Setting up a simple one page website using Nicepage and Netlify
I’ve just set up a single page website (= online business card) for myself and my husband: https://pius.cloud/ . This post summarises what I did. If you’re looking to get started with something super quickly, then only the first two steps are essential (Creating a website and Serving a website).
Creating a website (using Nicepage)
I’ve created websites using various tools such as straight up HTML, Wordpress, Hugo+blogdown (this site - riinu.me), bootstrap, etc. Each has their strengths and weaknesses and I’m always keen on trying out new things. After a couple of quick Google searches I decided to make my next website using Nicepage. I’m using the macOS app, but it also has a Windows version and it can be used online without installing anything on your computer.
Looks like Nicepage is a relatively new website builder, founded in 2018, and at the time of writing, it only has 248 Twitter followers: https://twitter.com/NicepageApp. I’m not very active on Twitter, and I have 923. Yes, it’s a bit bizarre to quote these numbers in a blog post, but it will be cool to read this in a few years when I have 1k, and they’re at 100k. They certainly deserve it, as my experience with creating a website using Nicepage has been awesome! It’s so damn good!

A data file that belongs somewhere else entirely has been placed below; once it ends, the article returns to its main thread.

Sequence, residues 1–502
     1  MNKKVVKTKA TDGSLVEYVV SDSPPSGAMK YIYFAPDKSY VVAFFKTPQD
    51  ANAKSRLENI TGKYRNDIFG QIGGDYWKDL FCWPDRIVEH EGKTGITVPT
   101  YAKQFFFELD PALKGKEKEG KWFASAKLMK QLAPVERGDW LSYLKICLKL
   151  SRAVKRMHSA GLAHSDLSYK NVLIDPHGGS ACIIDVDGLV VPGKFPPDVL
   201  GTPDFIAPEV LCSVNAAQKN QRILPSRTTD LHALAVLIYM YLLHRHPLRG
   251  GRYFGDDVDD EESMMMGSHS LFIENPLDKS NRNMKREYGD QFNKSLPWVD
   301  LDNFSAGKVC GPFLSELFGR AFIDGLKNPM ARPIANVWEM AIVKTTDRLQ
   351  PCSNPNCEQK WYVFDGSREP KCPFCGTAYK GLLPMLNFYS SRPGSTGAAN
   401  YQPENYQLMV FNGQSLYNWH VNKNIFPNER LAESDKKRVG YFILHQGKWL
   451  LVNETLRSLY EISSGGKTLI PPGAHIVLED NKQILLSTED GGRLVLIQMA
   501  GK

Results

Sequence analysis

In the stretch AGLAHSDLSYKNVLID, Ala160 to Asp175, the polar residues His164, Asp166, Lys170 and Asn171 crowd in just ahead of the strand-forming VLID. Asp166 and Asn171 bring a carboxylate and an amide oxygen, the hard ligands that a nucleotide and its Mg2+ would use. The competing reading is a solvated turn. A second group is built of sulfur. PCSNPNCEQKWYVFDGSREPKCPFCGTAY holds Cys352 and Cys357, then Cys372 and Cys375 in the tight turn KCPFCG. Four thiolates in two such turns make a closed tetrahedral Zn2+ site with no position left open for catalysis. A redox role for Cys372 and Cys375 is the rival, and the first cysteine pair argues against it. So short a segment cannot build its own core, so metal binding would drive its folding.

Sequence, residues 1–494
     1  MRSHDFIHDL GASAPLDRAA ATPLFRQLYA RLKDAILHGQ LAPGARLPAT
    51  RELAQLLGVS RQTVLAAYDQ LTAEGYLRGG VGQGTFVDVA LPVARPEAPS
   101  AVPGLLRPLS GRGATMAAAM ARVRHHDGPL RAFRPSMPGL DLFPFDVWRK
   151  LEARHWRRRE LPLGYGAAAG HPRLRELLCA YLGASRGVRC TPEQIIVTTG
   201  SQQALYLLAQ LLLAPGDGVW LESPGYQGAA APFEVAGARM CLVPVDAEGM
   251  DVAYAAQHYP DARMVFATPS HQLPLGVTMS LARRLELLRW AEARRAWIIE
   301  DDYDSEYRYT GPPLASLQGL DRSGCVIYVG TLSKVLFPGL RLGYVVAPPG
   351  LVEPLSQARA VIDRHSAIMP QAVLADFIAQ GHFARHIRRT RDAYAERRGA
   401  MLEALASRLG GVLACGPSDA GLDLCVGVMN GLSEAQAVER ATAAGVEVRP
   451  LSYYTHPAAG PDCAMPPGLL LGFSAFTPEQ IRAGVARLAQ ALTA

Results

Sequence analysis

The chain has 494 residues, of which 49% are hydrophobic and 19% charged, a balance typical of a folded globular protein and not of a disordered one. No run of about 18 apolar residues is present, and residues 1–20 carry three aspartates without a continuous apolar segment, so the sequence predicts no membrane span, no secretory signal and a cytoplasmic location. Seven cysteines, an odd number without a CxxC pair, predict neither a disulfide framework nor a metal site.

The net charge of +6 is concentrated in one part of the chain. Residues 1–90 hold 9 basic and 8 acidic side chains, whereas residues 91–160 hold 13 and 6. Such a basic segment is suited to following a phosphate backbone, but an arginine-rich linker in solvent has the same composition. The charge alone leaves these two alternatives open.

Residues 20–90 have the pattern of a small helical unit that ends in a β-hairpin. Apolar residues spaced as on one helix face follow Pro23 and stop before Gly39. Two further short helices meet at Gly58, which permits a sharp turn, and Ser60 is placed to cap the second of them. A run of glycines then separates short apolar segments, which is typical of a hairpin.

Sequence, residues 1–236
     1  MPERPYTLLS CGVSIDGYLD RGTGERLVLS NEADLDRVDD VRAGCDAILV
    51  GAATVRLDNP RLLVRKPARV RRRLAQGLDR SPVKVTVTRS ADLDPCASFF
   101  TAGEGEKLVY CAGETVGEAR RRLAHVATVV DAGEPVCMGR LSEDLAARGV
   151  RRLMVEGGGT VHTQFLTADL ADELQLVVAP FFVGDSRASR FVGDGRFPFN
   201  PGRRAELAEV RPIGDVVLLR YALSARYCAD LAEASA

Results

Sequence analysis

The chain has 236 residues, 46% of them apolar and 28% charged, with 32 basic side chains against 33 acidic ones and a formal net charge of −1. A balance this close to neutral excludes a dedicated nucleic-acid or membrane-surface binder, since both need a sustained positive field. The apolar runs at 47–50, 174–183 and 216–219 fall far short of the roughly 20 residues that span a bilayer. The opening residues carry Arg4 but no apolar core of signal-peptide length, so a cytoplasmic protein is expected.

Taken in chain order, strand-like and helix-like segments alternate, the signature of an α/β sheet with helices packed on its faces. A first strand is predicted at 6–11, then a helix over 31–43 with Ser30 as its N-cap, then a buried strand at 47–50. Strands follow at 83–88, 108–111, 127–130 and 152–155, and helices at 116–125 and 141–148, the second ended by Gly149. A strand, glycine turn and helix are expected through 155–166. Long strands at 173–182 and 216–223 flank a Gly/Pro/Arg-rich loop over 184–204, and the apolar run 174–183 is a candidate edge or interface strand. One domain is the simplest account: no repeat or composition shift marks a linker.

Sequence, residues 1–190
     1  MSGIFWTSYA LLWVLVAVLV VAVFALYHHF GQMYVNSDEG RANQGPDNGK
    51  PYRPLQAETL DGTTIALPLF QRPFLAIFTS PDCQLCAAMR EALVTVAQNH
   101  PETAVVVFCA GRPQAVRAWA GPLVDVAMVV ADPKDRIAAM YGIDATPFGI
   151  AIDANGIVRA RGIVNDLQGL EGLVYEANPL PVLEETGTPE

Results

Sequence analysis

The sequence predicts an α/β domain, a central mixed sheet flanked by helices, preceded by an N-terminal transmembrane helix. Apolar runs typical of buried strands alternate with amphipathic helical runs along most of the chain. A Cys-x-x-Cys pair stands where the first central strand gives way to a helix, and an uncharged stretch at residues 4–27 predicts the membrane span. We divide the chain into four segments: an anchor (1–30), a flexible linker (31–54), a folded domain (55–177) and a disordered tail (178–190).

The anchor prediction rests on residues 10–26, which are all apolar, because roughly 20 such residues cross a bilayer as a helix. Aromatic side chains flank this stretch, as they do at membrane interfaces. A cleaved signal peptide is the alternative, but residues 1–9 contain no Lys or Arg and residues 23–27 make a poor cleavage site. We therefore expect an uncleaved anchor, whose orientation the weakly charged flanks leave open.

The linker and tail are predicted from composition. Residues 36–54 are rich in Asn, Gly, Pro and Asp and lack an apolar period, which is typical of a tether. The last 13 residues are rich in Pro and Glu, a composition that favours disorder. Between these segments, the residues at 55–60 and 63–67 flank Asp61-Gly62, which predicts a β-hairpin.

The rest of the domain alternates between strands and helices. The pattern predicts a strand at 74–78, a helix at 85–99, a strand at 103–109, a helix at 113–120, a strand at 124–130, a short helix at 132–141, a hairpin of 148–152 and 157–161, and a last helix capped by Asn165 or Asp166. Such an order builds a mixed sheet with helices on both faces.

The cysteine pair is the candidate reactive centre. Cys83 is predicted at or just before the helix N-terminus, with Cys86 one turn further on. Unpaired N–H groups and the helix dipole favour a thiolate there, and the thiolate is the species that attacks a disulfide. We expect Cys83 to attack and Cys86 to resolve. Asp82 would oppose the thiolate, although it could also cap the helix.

What I did was:
Create a new blank website
- I never do this! I don’t believe in re-inventing the wheel, and I’m not a designer. I just wanted a really simple ‘business-card-like’ look that I couldn’t find in any of the templates.
Delete all pages except Home:
- Remove the menu, since I only have a single page. From what I can tell, the only way to remove the menu is to remove the header:
- Add a New Block split by two
- Add in image and text elements.
- I experimented with the built-in Block Designs a bit, but ended up using a Blank again. Thing is, I was trying to use the Team designs for us. But I could not figure out how to use distinct social media icons for different ‘team members’. Whenever I deleted Twitter from my husband, it also removed it from me. I failed to unlink the two profiles. Thus, I created a blank box and added the image and text elements.
- Play around with various settings for alignment. Use the Phone option to re-size the text on small screens only (works so well!), use Preview, add a Favicon (Site settings), etc. Adding a Favicon or a logo worked exceptionally well. In the past, I’ve spent a lot of time re-sizing website logos, but Nicepage will do that for you.
- Export to HTML.
Serving a website (using Netlify Drop)
- A convenient and fast way to publish a website is using Netlify Drop: https://app.netlify.com/drop
- You just drag and drop the folder containing your website (= your HTML export) and voila, it’s live with an automatically generated shareable link.
- This works even without creating an account/logging in. The link works for 24h, but if you create a free account you’ll be able to claim it and it will work forever. I’ve been using Netlify for years and have never had to pay them. Cheers!
- When you log in you’ll be able to change the automatically generated link (site name) to what you wish. For example I’ve just changed it to: https://riinupius.netlify.app/
If you’re happy with netlify.app trailing in your site address then that’s you done!